“Access to new content channels that are relevant to clients continues to be a challenge for the media intelligence industry”

John Croll

Interview with John Croll, CEO of Truescope, a media intelligence/CommTech company based in Australia.

Hi John, what is your background and what is included in your current role at Truescope?

I have been in the media intelligence industry for a very long time and the reason I get tagged as an industry “veteran”. For almost two decades I was the CEO of Media Monitors, later named Isentia, and led the growth of that business from a press clippings agency in Australia to an integrated media intelligence business operating in 11 international markets, with 1,200 employees and 5,000 clients by the time I resigned in 2018.

As the CEO of Truescope, which I co-founded two years ago with Truescope CTO Michael Bade, I’m working with some of the smartest, most experienced people to build a communications technology business across three countries focused on bringing new data and new services to the market.

At Truescope, the greatest challenges have been to manage our growth, launch in a number of countries in the middle of a pandemic, and prioritise which innovations and features to develop on the platform.

What differentiates Truescope from other media intelligence companies at the national and international level?

I believe that from the get-go, Truescope has been uniquely positioned due to the fact that we have people that are both technologically super-smart and who also really understand the communications technology and media intelligence industries.

We have been able to build a platform that is truly the next generation in our industry. We have our ear to the ground, listening to what communicators expect from a platform to be more efficient in their jobs now, but also further ahead, to bring them access to services and data they might not have even thought possible. So, we’re talking real-time insights, not just real-time information.

Being cloud-based, our technology architecture also means we can build new features quickly, based on client feedback, and deliver them every month, so speed is another key differentiator.

What are your greatest challenges ahead at Truescope when it comes to serving your customers and developing your services?

Access to new content channels that are relevant to clients has always, and continues to be, a challenge for the media intelligence industry.

Since we started two years ago, we have experienced rapid growth – particularly in the Singapore market where we were recently appointed to the panel for the whole of government contract and are rapidly picking up more new business – and enjoyed an excellent client response. Supporting that growth whilst continuing to maintain the highest service standards as we grow is always at the forefront of our minds.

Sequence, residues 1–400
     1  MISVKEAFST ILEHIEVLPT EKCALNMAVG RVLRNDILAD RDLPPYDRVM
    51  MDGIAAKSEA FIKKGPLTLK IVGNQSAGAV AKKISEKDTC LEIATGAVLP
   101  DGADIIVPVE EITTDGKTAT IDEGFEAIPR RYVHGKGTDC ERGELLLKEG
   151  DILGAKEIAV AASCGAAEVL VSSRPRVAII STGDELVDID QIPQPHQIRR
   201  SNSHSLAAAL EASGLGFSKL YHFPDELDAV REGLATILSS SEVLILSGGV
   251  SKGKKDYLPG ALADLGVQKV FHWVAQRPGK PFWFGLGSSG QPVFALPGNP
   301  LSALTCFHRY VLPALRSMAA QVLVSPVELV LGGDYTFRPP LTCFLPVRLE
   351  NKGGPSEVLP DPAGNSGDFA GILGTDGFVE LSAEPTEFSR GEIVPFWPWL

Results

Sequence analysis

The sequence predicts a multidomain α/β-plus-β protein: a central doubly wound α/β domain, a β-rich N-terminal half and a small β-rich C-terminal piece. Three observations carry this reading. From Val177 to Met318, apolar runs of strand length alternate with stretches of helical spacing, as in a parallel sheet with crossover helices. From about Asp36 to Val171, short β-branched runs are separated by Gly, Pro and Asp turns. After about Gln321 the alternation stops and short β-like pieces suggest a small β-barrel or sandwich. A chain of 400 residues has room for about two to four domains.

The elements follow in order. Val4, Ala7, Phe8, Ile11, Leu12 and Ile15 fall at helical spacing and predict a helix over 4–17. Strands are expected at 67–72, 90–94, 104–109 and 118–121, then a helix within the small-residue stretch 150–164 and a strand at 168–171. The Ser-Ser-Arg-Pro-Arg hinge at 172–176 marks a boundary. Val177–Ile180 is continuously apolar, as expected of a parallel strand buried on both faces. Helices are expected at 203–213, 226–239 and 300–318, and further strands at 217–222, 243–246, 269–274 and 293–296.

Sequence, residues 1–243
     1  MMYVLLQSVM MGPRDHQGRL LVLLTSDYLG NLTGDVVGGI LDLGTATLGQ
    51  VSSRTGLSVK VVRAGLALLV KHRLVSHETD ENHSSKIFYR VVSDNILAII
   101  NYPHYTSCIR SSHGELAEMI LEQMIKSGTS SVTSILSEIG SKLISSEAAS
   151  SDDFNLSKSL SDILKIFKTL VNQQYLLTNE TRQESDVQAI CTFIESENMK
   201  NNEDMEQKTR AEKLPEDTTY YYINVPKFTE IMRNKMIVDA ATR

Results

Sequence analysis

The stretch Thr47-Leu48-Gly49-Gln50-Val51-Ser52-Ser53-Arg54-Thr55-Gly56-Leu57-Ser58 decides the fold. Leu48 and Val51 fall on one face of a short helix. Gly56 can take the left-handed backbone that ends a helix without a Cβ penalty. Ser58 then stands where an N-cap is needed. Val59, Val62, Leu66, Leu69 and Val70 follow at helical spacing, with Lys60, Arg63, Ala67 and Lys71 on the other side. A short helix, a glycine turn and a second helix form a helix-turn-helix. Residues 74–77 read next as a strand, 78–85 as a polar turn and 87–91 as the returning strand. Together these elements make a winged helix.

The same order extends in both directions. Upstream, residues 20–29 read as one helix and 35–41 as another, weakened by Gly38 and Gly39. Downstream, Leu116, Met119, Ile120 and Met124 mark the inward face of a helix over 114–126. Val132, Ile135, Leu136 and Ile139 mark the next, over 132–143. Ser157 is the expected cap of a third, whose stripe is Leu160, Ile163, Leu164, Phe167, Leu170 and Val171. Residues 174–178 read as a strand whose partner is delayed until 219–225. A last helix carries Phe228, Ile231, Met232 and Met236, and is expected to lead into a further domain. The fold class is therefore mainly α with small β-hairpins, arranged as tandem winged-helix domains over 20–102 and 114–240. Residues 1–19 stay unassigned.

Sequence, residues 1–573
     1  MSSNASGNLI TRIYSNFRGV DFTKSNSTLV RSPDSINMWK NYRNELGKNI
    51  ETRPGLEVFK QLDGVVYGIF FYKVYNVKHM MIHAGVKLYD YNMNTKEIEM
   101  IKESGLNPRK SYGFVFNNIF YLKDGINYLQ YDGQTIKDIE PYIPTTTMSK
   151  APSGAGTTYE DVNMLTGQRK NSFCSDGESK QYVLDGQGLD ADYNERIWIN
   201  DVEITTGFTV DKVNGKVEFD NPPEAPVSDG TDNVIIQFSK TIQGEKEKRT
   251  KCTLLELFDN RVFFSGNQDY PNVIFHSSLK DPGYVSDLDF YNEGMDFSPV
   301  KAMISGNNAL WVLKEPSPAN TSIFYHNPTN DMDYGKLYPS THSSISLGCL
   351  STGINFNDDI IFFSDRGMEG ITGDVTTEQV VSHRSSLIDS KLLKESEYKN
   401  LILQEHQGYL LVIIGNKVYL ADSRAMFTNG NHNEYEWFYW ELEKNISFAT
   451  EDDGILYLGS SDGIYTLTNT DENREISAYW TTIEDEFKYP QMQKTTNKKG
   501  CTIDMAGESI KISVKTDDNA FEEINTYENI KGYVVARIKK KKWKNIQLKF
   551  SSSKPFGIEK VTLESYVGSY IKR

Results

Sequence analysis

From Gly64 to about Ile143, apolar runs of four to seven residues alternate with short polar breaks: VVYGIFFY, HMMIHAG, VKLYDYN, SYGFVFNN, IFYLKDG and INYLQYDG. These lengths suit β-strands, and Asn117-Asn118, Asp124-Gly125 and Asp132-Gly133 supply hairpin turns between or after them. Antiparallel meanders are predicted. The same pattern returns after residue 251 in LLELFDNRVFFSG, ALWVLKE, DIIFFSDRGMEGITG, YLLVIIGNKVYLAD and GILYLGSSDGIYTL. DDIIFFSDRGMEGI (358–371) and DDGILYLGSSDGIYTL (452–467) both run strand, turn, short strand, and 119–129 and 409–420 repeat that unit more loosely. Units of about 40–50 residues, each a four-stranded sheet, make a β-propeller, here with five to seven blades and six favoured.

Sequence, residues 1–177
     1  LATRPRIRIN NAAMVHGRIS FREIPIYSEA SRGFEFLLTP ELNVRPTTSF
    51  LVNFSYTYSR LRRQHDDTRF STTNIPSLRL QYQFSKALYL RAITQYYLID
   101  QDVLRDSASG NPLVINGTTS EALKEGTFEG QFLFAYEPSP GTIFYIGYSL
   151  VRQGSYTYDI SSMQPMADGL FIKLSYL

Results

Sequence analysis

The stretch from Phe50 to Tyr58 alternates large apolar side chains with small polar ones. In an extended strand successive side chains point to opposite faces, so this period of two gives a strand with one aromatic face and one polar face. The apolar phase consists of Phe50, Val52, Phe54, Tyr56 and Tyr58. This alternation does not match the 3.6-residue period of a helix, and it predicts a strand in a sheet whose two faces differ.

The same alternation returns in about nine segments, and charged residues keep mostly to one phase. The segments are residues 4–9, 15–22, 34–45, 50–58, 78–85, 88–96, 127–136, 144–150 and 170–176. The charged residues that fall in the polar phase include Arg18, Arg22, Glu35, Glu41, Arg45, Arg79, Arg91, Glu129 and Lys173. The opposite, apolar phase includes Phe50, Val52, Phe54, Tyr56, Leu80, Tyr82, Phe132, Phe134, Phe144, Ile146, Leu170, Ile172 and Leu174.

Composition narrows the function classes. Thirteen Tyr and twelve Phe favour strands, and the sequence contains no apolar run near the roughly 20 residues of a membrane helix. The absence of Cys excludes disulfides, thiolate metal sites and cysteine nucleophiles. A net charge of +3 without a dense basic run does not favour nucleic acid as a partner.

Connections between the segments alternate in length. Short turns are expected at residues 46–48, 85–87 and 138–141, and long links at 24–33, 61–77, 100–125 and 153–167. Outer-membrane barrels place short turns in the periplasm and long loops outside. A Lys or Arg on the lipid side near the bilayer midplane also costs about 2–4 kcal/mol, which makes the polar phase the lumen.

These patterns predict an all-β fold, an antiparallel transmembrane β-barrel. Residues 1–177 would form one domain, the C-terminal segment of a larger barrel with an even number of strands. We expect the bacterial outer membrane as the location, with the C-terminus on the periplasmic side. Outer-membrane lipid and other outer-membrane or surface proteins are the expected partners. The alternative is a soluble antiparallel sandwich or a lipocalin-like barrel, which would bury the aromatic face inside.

Truescope is a fairly young company. From where do you see that your future growth will come and what is needed to succeed?

We are very young; Michael Bade and I joined together almost two and a half years ago and it was just us. Now there are 30 of us in the Truescope group working across three countries.

Our future growth will come as we expand into new markets and continue to focus on product development, delivering cutting-edge products that differentiate us from the legacy players and giving proof that media intelligence is developing into communications technology. Truescope is at the forefront of this.

Do you have any plans to release, or have recently released, any new technology-based solutions that will add to or improve the services you offer your clients?

When it comes to technology, Truescope believes that AI will continue to be the key to making meaning and predictions of huge volumes of data. We’re able to provide fast sentiment analysis on whole articles as well as entities within articles, to identify influencers relevant to a client, and to recommend relevant content to a client based on viewing and engagement behaviour.

In the near future, improvements in Natural Language Processing (NLP) and further, achieving Natural Language Understanding (NLU), will lead to faster and more accurate insights for clients. Bringing AI based new products, as well as regular platform improvements based on client feedback, will be our continued focus.

Privacy around the use of social data is an emerging challenge. How do you think that will affect the media intelligence industry?

We all have to be responsible users of people’s data. Content owners are ensuring that we manage and work with their data in a compliant way; there are rigorous renewal processes to ensure we adhere to these conditions. If we continue to be good corporate citizens and respect data and content then I think we will continue to be trusted.

How do you think the media intelligence industry will change in the next 5-10 years, and what are the greatest challenges ahead?

Technology is going to change the industry from confirming-something-happened information, to data models that can predict the evolution of a story. This will become an expectation of businesses in the media intelligence and communications technology industries. Clients are going to look for real-time information on the PESO model so integrated communications measurement is going to evolve and AI will play an important part in delivering these insights in real-time.

By Peter Appleby

Leave a Reply

Your email address will not be published.